In December 1968 at a computer network presentation in San Francisco, Doug Engelbart from the Stanford research Institute unveiled his prototype input device.
Made of wood with wheels from a toy car the device was nicknamed by one of Engelbart’s researchers as the ‘mouse’ a name that stuck for over forty years.
It did take another fifteen years for Engelbart’s device to take-off but the computer mouse is now one of the most iconic and easily recognisable symbols of the twentieth century. Unfortunately for Engelbart though, his patent expired over twenty years ago and despite being honoured by president Bill Clinton the scientist hasn’t made a penny from hus invention.
However, despite the continued rise of the desktop computer it looks as if the end of the computer mouse may be in sight.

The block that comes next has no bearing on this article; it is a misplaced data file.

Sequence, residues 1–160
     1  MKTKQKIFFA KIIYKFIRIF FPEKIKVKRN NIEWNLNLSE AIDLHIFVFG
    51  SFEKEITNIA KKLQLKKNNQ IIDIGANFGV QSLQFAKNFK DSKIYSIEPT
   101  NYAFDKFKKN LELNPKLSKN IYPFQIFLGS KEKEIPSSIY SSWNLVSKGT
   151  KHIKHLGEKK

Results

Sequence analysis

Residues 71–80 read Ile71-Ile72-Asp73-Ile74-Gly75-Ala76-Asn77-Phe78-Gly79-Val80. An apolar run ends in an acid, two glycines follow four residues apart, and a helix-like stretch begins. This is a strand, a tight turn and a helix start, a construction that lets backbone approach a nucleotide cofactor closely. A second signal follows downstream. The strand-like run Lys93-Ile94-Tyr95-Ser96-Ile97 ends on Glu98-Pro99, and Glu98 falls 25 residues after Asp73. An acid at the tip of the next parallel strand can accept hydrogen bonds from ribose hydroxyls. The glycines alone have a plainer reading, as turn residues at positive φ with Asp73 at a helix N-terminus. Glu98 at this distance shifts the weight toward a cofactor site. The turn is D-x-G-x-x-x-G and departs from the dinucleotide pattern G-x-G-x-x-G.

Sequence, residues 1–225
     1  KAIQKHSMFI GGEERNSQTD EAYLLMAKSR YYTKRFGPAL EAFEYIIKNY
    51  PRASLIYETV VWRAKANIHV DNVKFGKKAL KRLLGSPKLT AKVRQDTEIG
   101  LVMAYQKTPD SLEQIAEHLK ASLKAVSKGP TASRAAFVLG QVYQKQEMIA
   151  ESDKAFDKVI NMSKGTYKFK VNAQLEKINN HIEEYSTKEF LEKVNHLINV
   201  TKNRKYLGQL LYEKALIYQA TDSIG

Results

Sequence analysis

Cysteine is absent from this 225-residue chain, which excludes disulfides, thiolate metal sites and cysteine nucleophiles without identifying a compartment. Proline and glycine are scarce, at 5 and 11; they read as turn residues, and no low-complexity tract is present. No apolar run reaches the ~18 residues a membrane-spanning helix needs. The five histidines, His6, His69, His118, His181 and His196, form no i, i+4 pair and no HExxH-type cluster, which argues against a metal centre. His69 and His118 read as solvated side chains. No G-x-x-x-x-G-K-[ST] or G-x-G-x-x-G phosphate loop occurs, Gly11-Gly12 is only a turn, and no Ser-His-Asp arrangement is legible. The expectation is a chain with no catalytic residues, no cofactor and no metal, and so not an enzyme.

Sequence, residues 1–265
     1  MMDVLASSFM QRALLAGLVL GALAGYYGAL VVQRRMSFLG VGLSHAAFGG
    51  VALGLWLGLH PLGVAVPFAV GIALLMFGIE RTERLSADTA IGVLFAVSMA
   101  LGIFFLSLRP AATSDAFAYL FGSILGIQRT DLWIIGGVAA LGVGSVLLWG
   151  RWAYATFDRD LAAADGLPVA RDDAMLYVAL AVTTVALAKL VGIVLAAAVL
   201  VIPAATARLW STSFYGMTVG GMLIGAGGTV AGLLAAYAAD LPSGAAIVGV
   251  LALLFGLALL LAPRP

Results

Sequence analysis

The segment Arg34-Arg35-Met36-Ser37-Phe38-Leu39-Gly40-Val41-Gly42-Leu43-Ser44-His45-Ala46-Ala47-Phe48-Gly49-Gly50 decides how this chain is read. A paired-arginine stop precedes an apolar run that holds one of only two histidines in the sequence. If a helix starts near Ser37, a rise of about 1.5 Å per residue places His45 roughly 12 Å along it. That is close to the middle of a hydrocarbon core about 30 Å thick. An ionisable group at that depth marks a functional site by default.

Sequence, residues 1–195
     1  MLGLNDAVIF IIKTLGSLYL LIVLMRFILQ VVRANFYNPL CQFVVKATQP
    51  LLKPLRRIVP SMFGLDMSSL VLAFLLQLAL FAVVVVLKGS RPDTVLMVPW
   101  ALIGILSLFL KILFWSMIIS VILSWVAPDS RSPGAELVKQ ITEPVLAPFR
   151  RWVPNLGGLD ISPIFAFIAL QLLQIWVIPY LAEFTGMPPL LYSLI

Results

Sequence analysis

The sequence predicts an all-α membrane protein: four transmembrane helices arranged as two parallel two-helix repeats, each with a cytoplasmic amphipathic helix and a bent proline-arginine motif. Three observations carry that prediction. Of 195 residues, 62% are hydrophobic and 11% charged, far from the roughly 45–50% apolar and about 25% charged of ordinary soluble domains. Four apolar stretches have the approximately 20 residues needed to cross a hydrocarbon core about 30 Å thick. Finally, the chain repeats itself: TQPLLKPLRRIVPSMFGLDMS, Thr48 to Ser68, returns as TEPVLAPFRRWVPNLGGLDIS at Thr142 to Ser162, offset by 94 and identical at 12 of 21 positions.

Touchscreens are fast becoming the new input device for computers. Already a mainstay of industrial computers, touch screens do away with the need for a separate input and output device. However, it has been in recent years that the use of touch screens has really accelerated with the implementation of the technology in mobile phones.
Now, Microsoft, suppliers of the Windows operating system have announced their next generation of operating system Windows 7, is designed solely for touch screen. And some experts predict the computer mouse will become obsolete over the next ten years.
Touchscreens however, are not new technology. The first touch screen was developed at the same time as Engelbart’s mouse but the technology has taken a lot longer to advance.
Industrial touch screens are extremely common but it has only been the last few years since the technology has been capable enough to be used in all types of devices from mobile phones to calculators.